C. Ancient Berland Circus
time limit per test
2 seconds
memory limit per test
64 megabytes
standard input
standard output

Nowadays all circuses in Berland have a round arena with diameter 13 meters, but in the past things were different.

In Ancient Berland arenas in circuses were shaped as a regular (equiangular) polygon, the size and the number of angles could vary from one circus to another. In each corner of the arena there was a special pillar, and the rope strung between the pillars marked the arena edges.

Recently the scientists from Berland have discovered the remains of the ancient circus arena. They found only three pillars, the others were destroyed by the time.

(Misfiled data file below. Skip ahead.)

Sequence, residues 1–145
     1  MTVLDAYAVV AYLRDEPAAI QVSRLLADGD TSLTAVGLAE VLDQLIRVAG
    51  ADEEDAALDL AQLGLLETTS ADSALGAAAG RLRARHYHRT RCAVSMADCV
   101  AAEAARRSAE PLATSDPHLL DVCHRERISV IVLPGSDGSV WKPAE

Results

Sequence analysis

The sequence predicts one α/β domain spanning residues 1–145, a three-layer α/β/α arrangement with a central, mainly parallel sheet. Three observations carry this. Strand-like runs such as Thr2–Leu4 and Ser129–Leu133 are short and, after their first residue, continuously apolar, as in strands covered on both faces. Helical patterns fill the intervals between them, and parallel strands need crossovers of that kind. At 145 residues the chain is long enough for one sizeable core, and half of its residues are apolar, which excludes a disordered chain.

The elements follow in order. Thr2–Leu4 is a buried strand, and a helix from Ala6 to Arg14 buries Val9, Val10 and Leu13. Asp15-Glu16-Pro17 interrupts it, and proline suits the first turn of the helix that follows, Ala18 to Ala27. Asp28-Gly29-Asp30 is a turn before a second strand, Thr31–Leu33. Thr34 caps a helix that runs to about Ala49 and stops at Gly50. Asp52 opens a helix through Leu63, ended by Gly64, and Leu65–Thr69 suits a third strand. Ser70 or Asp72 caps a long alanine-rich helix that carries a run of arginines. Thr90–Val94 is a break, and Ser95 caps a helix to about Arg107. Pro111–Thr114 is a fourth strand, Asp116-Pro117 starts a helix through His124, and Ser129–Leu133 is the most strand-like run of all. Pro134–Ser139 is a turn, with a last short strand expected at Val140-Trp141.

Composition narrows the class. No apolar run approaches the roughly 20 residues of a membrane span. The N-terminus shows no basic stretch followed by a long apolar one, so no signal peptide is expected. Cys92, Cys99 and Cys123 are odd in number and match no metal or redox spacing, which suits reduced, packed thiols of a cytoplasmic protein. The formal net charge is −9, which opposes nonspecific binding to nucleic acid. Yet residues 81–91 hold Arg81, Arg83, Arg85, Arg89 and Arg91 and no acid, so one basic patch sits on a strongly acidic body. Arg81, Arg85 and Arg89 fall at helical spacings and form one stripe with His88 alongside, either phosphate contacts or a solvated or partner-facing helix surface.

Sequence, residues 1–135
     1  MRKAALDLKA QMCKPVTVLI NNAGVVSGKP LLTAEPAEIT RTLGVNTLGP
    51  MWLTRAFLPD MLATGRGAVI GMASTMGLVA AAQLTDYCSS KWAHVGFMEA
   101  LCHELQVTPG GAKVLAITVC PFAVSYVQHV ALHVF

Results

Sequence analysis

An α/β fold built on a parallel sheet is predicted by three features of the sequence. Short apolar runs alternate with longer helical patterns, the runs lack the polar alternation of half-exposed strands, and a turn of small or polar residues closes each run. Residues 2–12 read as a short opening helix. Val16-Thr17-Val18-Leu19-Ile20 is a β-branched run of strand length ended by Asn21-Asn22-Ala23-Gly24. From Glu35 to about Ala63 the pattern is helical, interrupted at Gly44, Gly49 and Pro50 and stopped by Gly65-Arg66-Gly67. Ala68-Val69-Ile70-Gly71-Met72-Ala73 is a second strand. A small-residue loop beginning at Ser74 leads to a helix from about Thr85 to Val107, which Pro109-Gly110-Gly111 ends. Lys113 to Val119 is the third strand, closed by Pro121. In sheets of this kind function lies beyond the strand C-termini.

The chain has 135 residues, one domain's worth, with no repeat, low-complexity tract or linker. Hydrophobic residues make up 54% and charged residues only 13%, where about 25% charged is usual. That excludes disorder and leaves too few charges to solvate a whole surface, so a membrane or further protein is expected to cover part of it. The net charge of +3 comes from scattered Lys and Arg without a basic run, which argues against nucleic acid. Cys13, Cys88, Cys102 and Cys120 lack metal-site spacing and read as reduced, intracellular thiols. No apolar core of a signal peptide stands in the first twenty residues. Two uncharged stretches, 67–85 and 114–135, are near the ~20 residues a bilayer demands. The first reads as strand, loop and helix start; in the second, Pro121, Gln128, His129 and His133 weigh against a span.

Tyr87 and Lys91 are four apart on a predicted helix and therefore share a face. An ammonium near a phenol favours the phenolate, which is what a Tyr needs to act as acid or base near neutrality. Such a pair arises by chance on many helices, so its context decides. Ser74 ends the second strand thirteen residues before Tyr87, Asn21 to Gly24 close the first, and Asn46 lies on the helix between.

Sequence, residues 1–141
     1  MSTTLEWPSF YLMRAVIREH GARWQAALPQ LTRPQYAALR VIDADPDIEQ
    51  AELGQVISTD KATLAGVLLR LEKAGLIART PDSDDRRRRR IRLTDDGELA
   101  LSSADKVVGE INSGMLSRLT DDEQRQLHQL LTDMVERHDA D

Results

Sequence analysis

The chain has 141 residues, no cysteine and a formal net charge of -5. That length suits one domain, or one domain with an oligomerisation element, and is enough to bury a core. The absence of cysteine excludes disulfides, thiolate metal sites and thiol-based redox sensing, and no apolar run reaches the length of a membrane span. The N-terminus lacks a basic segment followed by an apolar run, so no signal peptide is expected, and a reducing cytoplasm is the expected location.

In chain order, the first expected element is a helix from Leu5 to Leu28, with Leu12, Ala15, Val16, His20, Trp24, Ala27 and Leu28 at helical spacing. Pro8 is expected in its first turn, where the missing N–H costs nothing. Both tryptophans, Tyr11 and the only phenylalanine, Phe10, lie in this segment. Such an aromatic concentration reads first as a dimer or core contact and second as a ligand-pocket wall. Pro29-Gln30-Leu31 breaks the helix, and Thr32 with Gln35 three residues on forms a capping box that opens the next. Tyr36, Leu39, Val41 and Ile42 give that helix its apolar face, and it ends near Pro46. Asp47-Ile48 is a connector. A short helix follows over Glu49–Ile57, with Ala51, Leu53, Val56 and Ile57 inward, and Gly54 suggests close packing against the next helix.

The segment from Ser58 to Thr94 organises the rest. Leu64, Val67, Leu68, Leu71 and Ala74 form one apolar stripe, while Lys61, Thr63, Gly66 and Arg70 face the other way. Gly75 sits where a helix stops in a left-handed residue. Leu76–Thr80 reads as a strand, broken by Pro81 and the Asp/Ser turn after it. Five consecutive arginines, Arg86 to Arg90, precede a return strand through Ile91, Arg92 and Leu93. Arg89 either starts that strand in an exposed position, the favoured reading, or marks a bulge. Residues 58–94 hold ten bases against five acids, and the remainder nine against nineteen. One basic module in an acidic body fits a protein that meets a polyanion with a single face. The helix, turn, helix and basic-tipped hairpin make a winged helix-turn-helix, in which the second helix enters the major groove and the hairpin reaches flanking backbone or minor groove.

You are given the coordinates of these three pillars. Find out what is the smallest area that the arena could have.


The input file consists of three lines, each of them contains a pair of numbers –– coordinates of the pillar. Any coordinate doesn't exceed 1000 by absolute value, and is given with at most six digits after decimal point.


Output the smallest possible area of the ancient arena. This number should be accurate to at least 6 digits after the decimal point. It's guaranteed that the number of angles in the optimal polygon is not larger than 100.

0.000000 0.000000
1.000000 1.000000
0.000000 1.000000